The house builder Persimmon has announced it will be cutting almost 2,000 jobs – more than 30 per cent of its workforce – as the credit crunch causes a lack of mortgage availability and
Sales at Persimmon were down 31 per cent in the first six months of the year, and house prices fell by an average of five per cent. It's profit margin fall from more than 20 per cent to 14 per cent.
The company sold 5,501 homes in the first half of the year, a 31 per cent decline in business, with an average selling price of £181.500, compared to £189,225 a year ago.
Industry experts are blaming the fall in house prices, soaring mortgage
rates and consumer confidence. The Council of Mortgage Lenders (CML
) has indicated that house prices will continue to fall.
Despite the job cuts, however, Persimmon has not suffered to the same degree as its rivals Taylor Wimpey and Barratt which have both experienced significant writedowns. While cutting back its workforce will cost an initial £12million, it will result in annual savings of £45million.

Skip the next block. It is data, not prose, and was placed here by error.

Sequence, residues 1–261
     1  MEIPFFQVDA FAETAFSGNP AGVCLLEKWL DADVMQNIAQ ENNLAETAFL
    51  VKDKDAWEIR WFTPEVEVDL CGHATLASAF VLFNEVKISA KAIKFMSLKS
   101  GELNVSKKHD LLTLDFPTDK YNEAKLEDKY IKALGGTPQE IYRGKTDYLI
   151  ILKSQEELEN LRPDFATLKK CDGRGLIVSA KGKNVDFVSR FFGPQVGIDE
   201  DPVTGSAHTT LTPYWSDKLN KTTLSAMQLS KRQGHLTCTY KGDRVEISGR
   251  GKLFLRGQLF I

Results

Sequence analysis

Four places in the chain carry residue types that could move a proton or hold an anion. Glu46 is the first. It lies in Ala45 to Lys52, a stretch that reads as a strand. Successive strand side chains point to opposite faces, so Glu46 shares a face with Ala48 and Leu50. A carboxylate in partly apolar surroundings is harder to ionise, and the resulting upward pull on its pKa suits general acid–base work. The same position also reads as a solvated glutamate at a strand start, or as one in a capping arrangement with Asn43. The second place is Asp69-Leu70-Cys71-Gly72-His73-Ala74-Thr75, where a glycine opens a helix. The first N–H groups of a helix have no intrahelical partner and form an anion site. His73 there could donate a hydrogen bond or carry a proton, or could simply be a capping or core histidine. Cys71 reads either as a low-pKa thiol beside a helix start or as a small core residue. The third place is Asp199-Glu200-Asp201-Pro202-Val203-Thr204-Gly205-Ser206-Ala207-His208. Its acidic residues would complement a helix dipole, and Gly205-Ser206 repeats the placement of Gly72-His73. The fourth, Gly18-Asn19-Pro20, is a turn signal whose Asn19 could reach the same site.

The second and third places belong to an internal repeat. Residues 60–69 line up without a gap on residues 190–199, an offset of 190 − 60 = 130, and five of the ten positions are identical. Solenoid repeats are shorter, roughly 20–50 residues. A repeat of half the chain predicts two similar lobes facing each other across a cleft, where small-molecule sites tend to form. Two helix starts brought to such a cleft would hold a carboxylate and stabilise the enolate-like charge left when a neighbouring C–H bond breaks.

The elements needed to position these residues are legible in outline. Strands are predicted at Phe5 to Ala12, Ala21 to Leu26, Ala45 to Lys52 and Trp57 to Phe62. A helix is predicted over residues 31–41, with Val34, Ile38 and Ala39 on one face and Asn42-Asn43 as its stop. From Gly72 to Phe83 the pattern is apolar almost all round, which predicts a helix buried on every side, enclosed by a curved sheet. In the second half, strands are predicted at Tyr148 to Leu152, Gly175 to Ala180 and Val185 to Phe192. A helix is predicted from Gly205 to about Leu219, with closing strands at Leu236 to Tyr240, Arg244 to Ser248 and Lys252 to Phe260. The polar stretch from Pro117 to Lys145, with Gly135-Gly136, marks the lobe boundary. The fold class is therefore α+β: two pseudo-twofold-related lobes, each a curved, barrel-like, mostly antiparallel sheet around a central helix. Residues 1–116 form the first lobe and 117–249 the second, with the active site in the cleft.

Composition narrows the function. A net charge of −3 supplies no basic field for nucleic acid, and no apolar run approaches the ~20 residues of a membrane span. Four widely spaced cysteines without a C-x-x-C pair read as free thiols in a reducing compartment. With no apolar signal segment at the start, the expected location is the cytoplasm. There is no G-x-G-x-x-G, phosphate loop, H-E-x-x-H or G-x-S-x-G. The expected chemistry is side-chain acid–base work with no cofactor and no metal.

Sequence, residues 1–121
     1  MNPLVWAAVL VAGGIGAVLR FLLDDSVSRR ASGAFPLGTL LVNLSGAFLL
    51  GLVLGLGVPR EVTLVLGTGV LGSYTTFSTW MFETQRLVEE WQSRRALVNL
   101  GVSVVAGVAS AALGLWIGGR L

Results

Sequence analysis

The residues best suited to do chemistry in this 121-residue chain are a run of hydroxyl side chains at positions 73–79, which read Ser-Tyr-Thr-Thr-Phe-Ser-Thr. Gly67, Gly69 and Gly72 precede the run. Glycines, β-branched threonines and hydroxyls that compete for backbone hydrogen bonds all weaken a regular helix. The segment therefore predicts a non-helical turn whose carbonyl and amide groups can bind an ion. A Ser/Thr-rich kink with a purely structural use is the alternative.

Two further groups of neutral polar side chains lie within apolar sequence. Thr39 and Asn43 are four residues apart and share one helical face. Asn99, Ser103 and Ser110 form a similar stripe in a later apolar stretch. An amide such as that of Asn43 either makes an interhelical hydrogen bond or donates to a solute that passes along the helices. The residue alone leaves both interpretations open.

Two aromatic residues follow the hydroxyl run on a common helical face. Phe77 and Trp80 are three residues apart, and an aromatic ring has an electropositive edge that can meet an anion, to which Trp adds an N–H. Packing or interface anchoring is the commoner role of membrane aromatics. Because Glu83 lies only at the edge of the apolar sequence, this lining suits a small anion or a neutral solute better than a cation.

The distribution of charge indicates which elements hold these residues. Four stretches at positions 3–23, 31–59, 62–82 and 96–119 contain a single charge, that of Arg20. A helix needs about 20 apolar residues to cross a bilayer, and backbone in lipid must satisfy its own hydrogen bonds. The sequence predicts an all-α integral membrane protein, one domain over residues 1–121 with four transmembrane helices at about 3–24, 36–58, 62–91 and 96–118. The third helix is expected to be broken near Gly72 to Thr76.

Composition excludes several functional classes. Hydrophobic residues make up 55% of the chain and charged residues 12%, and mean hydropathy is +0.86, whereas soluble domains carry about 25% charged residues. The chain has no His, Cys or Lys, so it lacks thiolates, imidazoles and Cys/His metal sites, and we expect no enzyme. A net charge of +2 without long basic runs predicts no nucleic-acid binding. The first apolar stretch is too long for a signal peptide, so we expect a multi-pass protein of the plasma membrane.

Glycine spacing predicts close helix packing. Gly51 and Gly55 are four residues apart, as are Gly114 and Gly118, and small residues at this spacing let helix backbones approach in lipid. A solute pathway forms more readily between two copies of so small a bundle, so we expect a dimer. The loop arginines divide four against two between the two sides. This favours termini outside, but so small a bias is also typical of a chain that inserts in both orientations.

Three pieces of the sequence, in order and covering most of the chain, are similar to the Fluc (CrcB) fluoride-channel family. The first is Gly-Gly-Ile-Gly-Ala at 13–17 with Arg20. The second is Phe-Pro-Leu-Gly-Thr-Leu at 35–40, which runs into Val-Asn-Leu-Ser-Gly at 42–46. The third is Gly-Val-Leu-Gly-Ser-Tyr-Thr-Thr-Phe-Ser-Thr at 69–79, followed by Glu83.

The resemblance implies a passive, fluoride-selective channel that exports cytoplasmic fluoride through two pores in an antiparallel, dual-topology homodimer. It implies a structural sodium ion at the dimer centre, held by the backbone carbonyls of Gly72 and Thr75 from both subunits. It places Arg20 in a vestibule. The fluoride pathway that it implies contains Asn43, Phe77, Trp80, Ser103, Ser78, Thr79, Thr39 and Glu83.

The builder also has debts of £900million, but this remains safely within its banking facilities of £1.39billion. Chief executive of Persimmon, Mike Farley, said that the rapidity of deterioration in the market took the industry by surprise, and that this is the toughest housing market the country has seen for 30 years.
He expects house prices to fall a further five per cent by the end of the year and for the market to continue falling for another 12 to 18 months.
The downturn in the housing market is casting doubt on the Government's plan to reach its goal of 240,000 new homes a year. Persimmon is proceeding cautiously with new projects, shelving many new developments. It is expected to complete 11,000 homes this year, down from 16,000 in 2007.
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